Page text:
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Loans, lines of credit, and credit cards are like all good financing tools — they deliver the most benefit when they’re used for the right job. Your timing, plans for tapping funds, and what you intend to buy are just a few of the considerations when you choose a financial tool for your business.
Learn about what you should consider before deciding which financing option best suits your business’ needs.
Loans provide a lump sum that you repay on a fixed schedule, often over several years. This makes them best suited for funding one-time investments that will generate additional revenue or cost-savings long term, such as equipment, vehicles, or a larger facility. For example, a bakery might use a loan to buy an extra oven that will help increase production, with the expectation that the purchase will fuel revenue growth that will help it repay the loan.
The interest rates on term loans are either fixed — they stay the same throughout the life of the loan — or variable, meaning they may fluctuate.
Your credit score may also be a factor in the interest rate you’re offered. Businesses that don’t meet conventional lending guidelines may qualify for a Small Business Administration (SBA) loan, a portion of which is guaranteed by the government. While SBA loans may offer advantages such as longer repayment terms and lower down-payment requirements, the application process is often lengthier.
A line of credit for your business lets you access funds as you need them. You pay interest only on what you withdraw; as you repay the funds, they become available for use once again. Unlike term loans, which are typically used for long-term purchases, lines of credit are often used to handle short-term needs while you wait for customer payments to arrive. For example, if your company has been hired for a long-term project and needs to buy materials and hire contract workers before you are paid, you could draw on the line of credit to pay your expenses and repay the funds once the client pays you.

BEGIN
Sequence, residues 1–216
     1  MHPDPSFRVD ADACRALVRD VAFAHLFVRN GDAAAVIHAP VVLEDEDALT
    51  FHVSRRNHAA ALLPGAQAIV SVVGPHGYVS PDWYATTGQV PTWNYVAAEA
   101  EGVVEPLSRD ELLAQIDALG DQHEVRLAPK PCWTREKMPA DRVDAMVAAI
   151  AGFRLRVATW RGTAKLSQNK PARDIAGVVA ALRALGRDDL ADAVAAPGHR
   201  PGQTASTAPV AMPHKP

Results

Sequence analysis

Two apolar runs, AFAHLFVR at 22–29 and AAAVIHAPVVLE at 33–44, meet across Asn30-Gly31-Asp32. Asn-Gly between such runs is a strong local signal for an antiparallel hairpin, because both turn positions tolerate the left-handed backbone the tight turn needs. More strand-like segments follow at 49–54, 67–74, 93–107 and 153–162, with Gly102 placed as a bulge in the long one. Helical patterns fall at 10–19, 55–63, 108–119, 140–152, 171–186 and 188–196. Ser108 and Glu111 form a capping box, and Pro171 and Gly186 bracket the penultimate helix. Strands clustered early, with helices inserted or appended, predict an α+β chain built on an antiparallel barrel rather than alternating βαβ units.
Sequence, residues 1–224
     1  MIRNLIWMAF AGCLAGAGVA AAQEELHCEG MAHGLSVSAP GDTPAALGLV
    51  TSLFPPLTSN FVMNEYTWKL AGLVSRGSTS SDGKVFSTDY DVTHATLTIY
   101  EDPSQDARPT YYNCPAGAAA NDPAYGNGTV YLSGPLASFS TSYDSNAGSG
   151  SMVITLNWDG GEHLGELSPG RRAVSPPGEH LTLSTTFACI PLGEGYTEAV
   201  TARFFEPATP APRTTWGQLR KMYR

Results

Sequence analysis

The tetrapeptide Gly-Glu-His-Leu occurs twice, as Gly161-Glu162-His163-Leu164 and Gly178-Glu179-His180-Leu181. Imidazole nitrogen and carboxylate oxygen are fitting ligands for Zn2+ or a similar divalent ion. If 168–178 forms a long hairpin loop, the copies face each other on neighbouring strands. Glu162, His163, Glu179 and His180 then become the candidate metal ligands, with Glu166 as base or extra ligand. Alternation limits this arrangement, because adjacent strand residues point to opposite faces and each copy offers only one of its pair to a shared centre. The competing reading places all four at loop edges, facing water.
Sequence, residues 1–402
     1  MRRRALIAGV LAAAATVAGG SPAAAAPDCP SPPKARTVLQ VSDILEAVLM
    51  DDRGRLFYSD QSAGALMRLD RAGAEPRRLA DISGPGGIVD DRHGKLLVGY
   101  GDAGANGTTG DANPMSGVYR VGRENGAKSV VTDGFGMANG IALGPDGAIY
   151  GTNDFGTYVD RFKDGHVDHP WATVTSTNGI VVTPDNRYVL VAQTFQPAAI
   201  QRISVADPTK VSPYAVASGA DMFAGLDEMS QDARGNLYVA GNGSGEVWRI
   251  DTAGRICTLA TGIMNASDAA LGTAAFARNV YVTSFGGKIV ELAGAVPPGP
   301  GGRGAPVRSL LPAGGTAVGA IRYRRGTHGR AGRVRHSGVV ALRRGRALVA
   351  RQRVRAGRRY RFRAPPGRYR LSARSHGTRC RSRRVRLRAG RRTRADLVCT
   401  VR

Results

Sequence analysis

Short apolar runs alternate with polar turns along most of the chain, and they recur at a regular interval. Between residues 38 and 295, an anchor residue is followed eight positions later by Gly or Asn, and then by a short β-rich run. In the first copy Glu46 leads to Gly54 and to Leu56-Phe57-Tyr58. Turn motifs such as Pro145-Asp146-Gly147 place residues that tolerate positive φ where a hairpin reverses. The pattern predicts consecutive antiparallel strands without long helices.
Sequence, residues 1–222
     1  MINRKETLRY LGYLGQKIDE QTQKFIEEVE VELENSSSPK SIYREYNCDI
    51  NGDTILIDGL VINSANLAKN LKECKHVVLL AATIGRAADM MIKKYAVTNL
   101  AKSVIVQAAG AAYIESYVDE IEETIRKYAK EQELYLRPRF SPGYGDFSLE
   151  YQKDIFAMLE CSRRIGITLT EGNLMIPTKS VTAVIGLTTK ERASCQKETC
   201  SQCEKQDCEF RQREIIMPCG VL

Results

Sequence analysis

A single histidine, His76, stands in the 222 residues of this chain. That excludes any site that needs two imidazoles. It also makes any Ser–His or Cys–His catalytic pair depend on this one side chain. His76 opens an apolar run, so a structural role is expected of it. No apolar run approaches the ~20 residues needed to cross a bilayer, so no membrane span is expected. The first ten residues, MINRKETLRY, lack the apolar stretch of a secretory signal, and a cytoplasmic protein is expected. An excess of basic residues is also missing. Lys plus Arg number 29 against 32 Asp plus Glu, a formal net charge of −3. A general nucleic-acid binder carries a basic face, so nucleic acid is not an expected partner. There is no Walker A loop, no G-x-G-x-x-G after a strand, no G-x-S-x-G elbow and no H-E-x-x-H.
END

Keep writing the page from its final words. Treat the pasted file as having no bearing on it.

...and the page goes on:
Lines of credit typically have variable interest rates. They must also be renewed, usually every year. As with a loan, lenders will check your credit score and may review your financial documents before deciding whether you qualify.
One source of funds that is relatively accessible to many businesses is a business credit card. Like lines of credit, these offer a set amount of revolving credit; you may spend up to the set limit, but funds become available again as you repay them. They often carry higher interest rates and are best used for day-to-day expenses, such as office supplies, travel, and incidentals. If you are meeting a client across the country, for instance, you could book your flight and hotel using a credit card; if you can pay off your next statement in full, the “float” (grace period you’re given to pay off your balance) on the credit card allows for short-term borrowing at no interest. Also, don’t overlook the bonus potential of cards that offer points or cash rewards. These can add up quickly to help fund travel or workplace perks.
Using credit cards can also make it easier to track and manage expenses. Most issuers send year-end spending reports that are helpful at tax time. If you choose to give cards to some employees, you can often set limits on the size and nature of their transactions.
We are committed to helping your business reach its potential. Our dedicated business banking professionals can help you find the right product to meet your business’ needs. To learn more, please call 1-800-428-7463, visit us online, or visit your nearest Citizens Bank branch.
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